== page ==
Hello from a sunny day in Alexandria, Egypt! Sorry for my brief hiatus – the past few months have been incredibly busy with studying, traveling and planning for future studies/internships. I’m excited to update you in the next few blogs!
In this blog, I’ll discuss the importance of the demographic transition in economic development. I will then share stories from my trips to Italy, Luxembourg and Belgium.
Though economists argue that appropriate policy environments and technological advances are key to improving standards of living (Das Gupta 2011), demographers argue that population dynamics are the catalyst for development (Dyson 2010). Despite differing institutional environments, all now-developed countries have completed their demographic transitions. This universality serves as evidence of the centrality of demographic change in economic development.
The demographic transition, which operates in underlying ways and over long periods of time, is the process by which a society moves from high death/birth rates to lower death/birth rates. The natural succession of the demographic transition is:
1 – Mortality decline – Populations achieve sustained mortality decline with medical advances. Healthier people are more productive and have incentives to acquire more skills, which can lead to higher savings/investment and higher economic output.
2 – Population growth – as mortality declines, population grows increasingly
3 – Fertility decline – Population growth creates pressures that lead to fertility decline. Reducing fertility facilitates economic growth by creating opportunity for savings, increased productivity and investment.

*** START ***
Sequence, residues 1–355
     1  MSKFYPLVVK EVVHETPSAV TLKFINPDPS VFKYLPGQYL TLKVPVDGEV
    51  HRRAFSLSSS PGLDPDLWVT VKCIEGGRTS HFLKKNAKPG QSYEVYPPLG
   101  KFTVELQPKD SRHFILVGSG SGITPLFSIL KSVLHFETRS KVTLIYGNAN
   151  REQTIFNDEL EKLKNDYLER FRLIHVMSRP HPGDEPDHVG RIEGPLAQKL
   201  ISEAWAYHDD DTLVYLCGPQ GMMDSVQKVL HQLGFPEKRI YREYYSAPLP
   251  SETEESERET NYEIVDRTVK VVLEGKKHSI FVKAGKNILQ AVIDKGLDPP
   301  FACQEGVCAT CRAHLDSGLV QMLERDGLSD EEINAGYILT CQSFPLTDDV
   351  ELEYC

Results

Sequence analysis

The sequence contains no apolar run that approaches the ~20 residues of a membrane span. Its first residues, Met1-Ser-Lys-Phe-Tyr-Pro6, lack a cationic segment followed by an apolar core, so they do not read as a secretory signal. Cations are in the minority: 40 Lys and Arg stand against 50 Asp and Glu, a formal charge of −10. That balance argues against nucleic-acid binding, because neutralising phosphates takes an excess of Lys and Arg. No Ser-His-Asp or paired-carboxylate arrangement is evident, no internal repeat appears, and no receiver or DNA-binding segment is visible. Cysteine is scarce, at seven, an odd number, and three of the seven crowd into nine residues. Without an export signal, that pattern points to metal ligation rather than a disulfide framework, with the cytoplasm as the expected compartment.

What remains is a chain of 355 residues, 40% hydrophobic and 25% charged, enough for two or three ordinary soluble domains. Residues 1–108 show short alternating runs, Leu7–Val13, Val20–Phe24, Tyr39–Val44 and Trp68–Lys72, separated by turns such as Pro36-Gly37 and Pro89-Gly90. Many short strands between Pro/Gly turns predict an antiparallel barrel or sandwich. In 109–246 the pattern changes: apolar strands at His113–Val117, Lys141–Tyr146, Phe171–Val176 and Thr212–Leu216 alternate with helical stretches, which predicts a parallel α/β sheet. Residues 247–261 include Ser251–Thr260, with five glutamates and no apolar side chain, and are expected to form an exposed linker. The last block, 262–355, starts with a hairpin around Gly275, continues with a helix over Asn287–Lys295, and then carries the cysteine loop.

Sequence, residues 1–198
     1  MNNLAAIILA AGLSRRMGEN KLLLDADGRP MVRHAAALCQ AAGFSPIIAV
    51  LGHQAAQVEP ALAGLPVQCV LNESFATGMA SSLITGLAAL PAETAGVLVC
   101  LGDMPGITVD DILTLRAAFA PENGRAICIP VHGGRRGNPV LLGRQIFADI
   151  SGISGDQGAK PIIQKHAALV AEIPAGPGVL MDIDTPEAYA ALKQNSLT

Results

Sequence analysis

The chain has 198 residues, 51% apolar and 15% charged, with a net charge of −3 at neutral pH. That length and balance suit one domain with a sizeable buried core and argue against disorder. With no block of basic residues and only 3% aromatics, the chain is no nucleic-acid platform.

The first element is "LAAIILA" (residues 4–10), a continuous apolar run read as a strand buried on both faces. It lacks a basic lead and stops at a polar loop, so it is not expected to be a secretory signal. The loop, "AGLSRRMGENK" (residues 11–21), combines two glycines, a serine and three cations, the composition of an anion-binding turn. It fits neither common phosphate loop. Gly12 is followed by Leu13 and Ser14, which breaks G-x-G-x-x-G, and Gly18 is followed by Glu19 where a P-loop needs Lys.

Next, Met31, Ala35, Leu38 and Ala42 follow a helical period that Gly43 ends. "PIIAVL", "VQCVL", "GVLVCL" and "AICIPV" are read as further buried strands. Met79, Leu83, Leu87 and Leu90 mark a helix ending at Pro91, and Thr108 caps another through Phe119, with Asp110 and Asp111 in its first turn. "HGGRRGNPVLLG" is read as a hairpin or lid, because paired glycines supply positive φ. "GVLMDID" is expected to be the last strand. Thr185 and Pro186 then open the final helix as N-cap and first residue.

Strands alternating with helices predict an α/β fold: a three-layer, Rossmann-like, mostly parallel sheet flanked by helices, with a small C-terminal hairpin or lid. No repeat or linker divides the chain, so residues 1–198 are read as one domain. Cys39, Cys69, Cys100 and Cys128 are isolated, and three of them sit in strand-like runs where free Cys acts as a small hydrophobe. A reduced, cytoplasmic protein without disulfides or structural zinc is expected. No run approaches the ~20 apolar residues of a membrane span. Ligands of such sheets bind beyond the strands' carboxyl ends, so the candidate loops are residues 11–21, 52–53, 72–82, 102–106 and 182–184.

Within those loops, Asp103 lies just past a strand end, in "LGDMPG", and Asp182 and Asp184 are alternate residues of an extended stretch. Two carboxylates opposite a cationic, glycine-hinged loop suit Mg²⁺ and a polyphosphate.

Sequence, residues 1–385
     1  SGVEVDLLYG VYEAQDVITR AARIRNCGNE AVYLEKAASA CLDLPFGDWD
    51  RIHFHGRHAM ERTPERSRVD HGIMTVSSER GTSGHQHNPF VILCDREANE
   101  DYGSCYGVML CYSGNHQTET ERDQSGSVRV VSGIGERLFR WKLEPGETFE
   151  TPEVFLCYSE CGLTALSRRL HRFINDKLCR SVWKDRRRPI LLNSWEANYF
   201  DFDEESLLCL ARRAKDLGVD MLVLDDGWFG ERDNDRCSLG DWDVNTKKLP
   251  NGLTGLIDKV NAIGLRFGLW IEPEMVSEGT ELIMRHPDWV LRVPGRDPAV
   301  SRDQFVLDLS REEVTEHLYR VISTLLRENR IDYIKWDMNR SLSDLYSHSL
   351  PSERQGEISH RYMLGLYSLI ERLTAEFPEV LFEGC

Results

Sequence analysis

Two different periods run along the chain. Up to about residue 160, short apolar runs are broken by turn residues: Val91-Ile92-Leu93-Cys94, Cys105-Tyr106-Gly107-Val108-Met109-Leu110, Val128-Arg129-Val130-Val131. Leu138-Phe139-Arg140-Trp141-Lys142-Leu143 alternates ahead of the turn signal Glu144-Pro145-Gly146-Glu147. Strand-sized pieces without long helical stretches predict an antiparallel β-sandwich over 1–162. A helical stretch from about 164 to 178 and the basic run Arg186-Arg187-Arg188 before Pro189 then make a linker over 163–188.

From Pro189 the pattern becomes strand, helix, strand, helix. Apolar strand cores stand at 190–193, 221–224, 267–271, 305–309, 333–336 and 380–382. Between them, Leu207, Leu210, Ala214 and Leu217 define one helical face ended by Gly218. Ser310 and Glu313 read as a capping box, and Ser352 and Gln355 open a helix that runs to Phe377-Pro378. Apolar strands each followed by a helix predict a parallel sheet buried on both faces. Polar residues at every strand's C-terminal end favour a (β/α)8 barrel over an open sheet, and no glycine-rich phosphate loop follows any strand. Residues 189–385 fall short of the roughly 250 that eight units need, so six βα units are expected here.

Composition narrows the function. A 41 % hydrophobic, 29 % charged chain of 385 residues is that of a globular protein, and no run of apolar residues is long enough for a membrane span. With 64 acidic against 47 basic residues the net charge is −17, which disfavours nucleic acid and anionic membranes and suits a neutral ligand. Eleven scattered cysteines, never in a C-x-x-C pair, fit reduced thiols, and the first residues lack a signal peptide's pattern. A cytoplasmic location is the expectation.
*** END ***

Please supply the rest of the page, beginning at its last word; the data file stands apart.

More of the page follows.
4 – Urbanization – The fall of the urban death rate below the urban birth rate eradicates the “urban sink” (concentrated centers with high migration and high mortality). Urban natural increase occurs for the first time and is supplemented by continuing rural-to-urban migration. Urbanization creates a larger and more concentrated market which allows for division of labor and an increase in economic competition.
5 – Population Aging – The demographic transition ends in its final state of low death/low birth rates. This possibly underpins modern systems of liberal democracy because the concentrated and aging population challenge autocratic rule and political power can become more evenly distributed. Society also becomes more complex.
Given sustained mortality decline, these events will unfold independently of other factors.
The population of poor countries has been through a phase of population expansion – it multiplied fivefold between 1900 and 2000 (Livi-Bacci 2001). Specifically in Africa between 1970-2000, the population aged below 15 grew 150-200% while regional GDP growth nearly halved on a per capita basis. To facilitate the subsequent fertility decline in Africa, demographers believe giving people access to safe, effective and affordable means of birth control is essential. Fertility decline is associated with broader indices of poverty reduction and household wellbeing (Das Gupta 2011).